This is absolutely no nonsense. The Vlaamse Ruit is as much of a metrpolitan area as the Dutch Randstad. — Preceding unsigned comment added by (talk) 21:31, 1 October 2012 (UTC)

Brussels (only with its immediate surroundings) added...[edit]

Rightfully not including other Belgian cities like Antwerp, Charleroi... etc which are all found at a respectable and "recognizably-rural-spaced" distance from Brussels. Either include all of the surrounding cities in the north AND south or don't add any of those: THAT's what neutrality means.

UK figures[edit]

Where are the UK figures drawn from? Most of them are completely different from the Office for National Statistics figures, and appear to have varying scopes. For example, Warrington is counted under the figure for Manchester, when it's roughly equadistant between Liverpool and Manchester. Almost any definition that puts Warrington as part of the same metropolitan area as Manchester must also include the entire Merseyside conurbation in one large metropolitan area.

Additionally, most of the figures are named after cities within the area, not the official names of the areas - for example Manchester should be Greater Manchester, Birmingham should be West Midlands and Newcastle upon Tyne should be Tyneside. This contrasts with data from other european countries, such as Rhine-Ruhr, Randstad, Greater Frankfurt, and Upper Silesia. Steven J 18:56, 2 March 2006 (UTC)

This discussion is expanded below in "#18 Manchester". Ghaag (talk) 06:56, 18 February 2009 (UTC)

Oresund Region[edit]

do you think the oresunds region should be on this list? —Preceding unsigned comment added by (talkcontribs)

In my opinion: No. The Oresund Region covers a much larger area than Metropolitan Copenhagen and Metropolitan Malmö combined, and even considering these two metropolitan areas as a single one is a bit stretching it due to the relatively poor connectivity between them making them not quite act as a single metropolitan area. -- TimSE 16:22, 3 July 2006 (UTC)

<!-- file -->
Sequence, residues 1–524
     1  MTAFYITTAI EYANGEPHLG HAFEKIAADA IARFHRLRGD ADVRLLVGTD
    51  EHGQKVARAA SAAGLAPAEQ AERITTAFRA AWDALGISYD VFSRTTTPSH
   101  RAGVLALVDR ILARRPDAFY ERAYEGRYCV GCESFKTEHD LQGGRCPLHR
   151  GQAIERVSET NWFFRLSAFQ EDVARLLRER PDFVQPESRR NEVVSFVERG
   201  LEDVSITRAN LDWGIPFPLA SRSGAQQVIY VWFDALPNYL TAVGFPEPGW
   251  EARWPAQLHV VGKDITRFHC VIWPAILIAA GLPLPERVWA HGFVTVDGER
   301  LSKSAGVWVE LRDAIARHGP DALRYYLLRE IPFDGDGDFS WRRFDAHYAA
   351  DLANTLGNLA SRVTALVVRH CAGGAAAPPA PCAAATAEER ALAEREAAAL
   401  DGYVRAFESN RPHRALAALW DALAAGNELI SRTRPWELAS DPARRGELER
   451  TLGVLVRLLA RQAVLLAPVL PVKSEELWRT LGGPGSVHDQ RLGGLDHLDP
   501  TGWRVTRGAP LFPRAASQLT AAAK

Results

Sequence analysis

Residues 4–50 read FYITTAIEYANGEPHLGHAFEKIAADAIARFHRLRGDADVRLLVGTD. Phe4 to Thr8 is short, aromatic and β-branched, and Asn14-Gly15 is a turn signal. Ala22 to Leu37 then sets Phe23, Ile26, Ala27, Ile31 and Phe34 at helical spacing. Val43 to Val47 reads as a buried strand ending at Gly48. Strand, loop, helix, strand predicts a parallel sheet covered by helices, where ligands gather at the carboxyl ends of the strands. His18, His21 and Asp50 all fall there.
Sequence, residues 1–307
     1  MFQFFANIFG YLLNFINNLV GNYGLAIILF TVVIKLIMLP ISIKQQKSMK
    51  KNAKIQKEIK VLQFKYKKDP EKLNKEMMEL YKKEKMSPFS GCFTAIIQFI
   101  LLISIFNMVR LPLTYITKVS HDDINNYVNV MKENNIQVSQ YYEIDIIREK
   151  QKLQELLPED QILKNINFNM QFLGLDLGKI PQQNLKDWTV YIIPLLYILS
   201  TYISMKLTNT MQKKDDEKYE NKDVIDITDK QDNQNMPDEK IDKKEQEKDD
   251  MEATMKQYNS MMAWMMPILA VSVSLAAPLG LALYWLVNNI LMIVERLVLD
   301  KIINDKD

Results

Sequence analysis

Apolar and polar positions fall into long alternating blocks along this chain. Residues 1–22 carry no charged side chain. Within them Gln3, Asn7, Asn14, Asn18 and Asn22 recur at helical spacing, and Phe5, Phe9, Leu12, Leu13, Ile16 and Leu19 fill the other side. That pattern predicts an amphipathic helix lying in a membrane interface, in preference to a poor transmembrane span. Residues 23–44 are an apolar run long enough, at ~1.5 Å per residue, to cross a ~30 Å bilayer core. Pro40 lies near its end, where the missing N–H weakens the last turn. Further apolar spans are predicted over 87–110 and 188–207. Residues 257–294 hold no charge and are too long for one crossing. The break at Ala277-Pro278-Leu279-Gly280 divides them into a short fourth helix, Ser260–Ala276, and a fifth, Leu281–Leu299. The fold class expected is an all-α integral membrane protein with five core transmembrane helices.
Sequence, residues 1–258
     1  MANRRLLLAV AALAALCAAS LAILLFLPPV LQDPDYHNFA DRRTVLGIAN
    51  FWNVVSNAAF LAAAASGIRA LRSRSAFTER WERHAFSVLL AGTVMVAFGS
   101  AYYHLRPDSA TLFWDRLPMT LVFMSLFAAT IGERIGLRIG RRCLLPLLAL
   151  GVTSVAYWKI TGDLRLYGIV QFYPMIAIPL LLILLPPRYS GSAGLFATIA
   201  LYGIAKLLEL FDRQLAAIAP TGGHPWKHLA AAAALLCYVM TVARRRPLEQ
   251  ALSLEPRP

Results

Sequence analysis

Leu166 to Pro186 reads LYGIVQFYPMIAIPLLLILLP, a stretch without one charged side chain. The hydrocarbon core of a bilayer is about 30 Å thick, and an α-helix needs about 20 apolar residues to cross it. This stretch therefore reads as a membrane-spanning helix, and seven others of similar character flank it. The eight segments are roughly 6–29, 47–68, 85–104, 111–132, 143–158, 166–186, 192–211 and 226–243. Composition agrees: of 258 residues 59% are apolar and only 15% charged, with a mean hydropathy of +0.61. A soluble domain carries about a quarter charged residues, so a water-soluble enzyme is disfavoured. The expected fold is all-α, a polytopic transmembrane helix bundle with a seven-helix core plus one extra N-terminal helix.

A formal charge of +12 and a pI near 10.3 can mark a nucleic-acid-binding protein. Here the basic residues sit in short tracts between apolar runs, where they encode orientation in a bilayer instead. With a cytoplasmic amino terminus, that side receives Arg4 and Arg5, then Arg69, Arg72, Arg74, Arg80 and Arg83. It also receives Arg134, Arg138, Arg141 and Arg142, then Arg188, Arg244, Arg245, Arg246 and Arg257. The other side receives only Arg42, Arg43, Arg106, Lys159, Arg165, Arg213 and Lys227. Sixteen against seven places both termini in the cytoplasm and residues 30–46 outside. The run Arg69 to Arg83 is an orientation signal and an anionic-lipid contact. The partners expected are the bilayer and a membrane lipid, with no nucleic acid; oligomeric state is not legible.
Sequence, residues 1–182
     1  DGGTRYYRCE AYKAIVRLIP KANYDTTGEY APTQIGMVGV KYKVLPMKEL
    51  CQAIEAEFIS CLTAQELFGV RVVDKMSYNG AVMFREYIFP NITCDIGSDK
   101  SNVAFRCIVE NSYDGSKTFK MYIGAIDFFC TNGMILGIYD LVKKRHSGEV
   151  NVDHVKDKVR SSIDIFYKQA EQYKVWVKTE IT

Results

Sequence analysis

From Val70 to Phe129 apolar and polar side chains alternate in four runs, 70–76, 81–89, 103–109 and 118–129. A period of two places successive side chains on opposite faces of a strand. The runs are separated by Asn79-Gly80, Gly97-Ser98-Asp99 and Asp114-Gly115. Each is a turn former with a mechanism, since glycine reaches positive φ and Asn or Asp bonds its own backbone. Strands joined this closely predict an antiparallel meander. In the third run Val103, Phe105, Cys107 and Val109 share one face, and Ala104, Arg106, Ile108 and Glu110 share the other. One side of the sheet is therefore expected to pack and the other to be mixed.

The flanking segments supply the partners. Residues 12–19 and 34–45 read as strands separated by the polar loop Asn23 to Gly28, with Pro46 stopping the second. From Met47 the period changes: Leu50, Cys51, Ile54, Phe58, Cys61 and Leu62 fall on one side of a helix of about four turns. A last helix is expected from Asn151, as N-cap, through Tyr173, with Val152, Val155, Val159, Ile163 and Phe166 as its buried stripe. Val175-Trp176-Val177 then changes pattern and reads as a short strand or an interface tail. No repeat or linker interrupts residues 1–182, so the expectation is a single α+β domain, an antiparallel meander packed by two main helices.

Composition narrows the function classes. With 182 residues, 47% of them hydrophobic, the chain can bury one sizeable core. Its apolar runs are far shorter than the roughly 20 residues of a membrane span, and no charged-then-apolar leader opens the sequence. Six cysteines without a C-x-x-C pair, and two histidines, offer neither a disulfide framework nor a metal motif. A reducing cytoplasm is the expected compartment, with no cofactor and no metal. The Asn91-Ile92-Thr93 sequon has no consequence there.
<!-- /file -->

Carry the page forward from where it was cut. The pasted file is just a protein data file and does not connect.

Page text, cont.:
The Oresund Region can be questioned as a metropolregion, but Malmø and Kopenhagen are by definition a combined metropol, though to my knowledge no numbers exist. The connectivity between the cities is quite good, which you would now if you lived here. --Rasmus81 12:51, 10 August 2007 (UTC)


Where do the figures for the Kassel Metropolitan Area come from? Kassel is a quite small town in a rural region. A figure I found at [1] shows a quite similar number for the population of the Regierungsbezirk Kassel. However this is not a metropolitan area. It is an administrative unit. -- 00:24, 24 July 2006 (UTC)

Various Lists on Wikipedia[edit]

Could someone please consolidate this list, Largest cities of the European Union by population within city limits and Largest urban areas of the European Union? If that's not possible, could one list please be deleted?

They are meant to show different things. The population of a Legal City, an Urban Area, or a Metro Area, respectively. Kevlar67 00:39, 11 November 2006 (UTC)

Copenhagen figures[edit]

The Copenhagen figures are not correct - are there any official sources - according to Danmarks Statistik, Metropolitan Copenhagen has more than 2 million inhabitants.

I presume that Eurostat has been used as the source for this because its statistics use the same criteria for each metropolitan area listed. Hence why statistics from national and other statistics bodies aren't used. Hope this helps. Matthew 23:09, 9 January 2007 (UTC)

Milan figures[edit]

According to this study by OSCE, Milan has 7,400,000 inhabitants in its metropolitan area. The label, which carries figures just for the urban area, should be updated. -- 13:47, 5 December 2006 (UTC)


The Eurostat references are largely meaningless unless somebody somewhere describes how to recreate the figures being quoted. Following any of the Eurostat references takes a user to a 'Data navigation tree' from where I'm sure the figures can be reperformed, but the interface is far from intuitive. Can someone insert a 'how to' so that these references become more meaningful? At present they're about as accurate as saying, for instance, that the story's somewhere on one of the internet's news sites, but you have to find out which one and where yourself. Matthew 14:08, 25 December 2006 (UTC)